Later in the meeting, the board debated how coaches decide which kids get to play, and how kids can challenge for a starting position.
"It's been a long time coming," Webb said. "What you are getting is from a school back East that was modified. I sent this to the AD... We're concerned about the equity in each sport. Parents are coming to me. We have a champion basketball team, and all the other sports are struggling. Why? I was under the impression you (Cundiff) had started sport-specific rubrics."
He wanted that on the June board agenda for fall sports, and again, he wanted an appeal process for kids who don't feel they've been treated fairly on whether they get to play.
Teacher Cindy Valdez, who has coached and whose husband is a coach, said in that situation, she would like the student to come to her first so she could understand what's really going on. "I'd involve a parent before going to the AD," she said. She would involve the athletic director if she couldn't work things out with the student and parent.
Superintendent Rocco Fuschetto said, "It's not just ability to play. It's attitude, sportsmanship."
Webb said high school sports "is where we sell our district to the outlying community. The policy would be that the student would have one appeal per year. Go to the coach first. At the high school, we can't play everybody. We're going to mastery grading in academics. Athletics should have the same criteria. We want to field the best team at the secondary level."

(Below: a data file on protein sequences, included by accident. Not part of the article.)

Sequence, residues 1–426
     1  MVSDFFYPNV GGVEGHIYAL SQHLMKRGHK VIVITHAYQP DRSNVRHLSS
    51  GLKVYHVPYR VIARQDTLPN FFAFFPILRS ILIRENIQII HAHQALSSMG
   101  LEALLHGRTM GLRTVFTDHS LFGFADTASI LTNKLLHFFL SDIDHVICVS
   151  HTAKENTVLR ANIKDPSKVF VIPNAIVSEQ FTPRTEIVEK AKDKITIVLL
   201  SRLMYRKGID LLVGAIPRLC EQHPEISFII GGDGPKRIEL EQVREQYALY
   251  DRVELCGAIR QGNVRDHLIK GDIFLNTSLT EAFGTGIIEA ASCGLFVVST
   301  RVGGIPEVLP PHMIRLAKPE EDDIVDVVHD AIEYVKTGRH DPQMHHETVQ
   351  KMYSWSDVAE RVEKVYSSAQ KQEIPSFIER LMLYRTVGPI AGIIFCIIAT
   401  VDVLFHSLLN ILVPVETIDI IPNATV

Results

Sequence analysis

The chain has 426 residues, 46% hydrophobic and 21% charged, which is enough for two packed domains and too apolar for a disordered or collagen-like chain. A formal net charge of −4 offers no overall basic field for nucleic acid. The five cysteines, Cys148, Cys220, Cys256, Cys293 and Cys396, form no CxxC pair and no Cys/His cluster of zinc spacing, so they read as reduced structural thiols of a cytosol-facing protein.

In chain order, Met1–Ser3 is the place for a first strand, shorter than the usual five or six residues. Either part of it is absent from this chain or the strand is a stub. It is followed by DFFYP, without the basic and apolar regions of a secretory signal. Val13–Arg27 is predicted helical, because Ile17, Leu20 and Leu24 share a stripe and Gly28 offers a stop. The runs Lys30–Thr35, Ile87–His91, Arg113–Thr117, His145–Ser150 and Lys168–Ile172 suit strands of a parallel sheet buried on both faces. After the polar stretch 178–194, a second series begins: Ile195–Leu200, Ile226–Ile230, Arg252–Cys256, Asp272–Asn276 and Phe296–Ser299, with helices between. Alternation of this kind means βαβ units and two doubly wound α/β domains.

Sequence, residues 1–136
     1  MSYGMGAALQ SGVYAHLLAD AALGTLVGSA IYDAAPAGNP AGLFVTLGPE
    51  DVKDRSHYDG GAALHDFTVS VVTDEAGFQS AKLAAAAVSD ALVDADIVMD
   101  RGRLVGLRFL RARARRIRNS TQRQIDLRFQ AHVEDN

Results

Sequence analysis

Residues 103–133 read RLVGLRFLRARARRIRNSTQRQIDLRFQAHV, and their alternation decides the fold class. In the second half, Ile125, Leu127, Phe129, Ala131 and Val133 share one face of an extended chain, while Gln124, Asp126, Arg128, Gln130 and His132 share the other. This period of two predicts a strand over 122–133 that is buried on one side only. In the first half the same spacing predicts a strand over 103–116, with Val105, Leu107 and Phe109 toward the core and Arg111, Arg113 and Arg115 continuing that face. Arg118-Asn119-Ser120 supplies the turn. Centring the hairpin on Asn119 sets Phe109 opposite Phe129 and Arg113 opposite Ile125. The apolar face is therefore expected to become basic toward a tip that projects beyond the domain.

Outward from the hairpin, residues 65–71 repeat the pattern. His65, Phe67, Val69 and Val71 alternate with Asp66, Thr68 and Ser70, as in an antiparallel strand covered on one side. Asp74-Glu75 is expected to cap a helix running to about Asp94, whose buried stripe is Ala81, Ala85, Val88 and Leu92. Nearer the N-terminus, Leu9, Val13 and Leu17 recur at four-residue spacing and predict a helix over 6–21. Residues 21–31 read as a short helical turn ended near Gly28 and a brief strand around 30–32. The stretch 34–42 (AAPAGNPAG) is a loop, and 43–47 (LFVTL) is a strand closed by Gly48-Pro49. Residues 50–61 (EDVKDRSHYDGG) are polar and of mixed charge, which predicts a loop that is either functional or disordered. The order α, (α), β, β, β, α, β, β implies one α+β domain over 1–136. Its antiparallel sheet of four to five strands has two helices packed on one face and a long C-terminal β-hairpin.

As part of that, he said players can't be "marginalized if you didn't grow up here." He also objected that kids who are doing things like throwing their helmets are still getting to play. "I don't want to see a kid playing if they are throwing their helmet. I'm so tired of having people say, 'That's how Ignacio acts.'"
He objected to Cundiff, "...we asked for this seven months ago. Now we are telling you."
Cundiff said, "This was asked for in October. A lot of coaches have no idea what a rubric is." He agreed parents and players should go to the coach first and follow the chain of command.
On challenges for starting positions, Valdez objected, "You are losing practice time. I do it at the start of the season and once in the middle. I'd rather be teaching them what they need to be doing rather than testing them all the time. Same as in the classroom. You waste an entire practice doing that. Once games start, you don't have time to test them."
Webb agreed challenges could be two times per sports season. "The goal is that it's equitable, fair, that the right kids are playing. It's not happening. I want it to be easy, not cumbersome."
IHS Principal Taylor, who coached girls varsity volleyball for many years, said, "I did skills tests at least three times a season. For when a parent comes in. Every Monday I had challenges. It did satisfy parents. When you live in a small town, people think it's political. Rubrics are skill tests."
Middle School Principal Chris deKay commented, "You'll develop these rubrics, and there will still be parents who won't be happy. That's just the reality. I think it's smart to have a skills test and do something mid-season. But we can spend all night talking about it and fine tuning it, but there's no way you'll make everybody happy."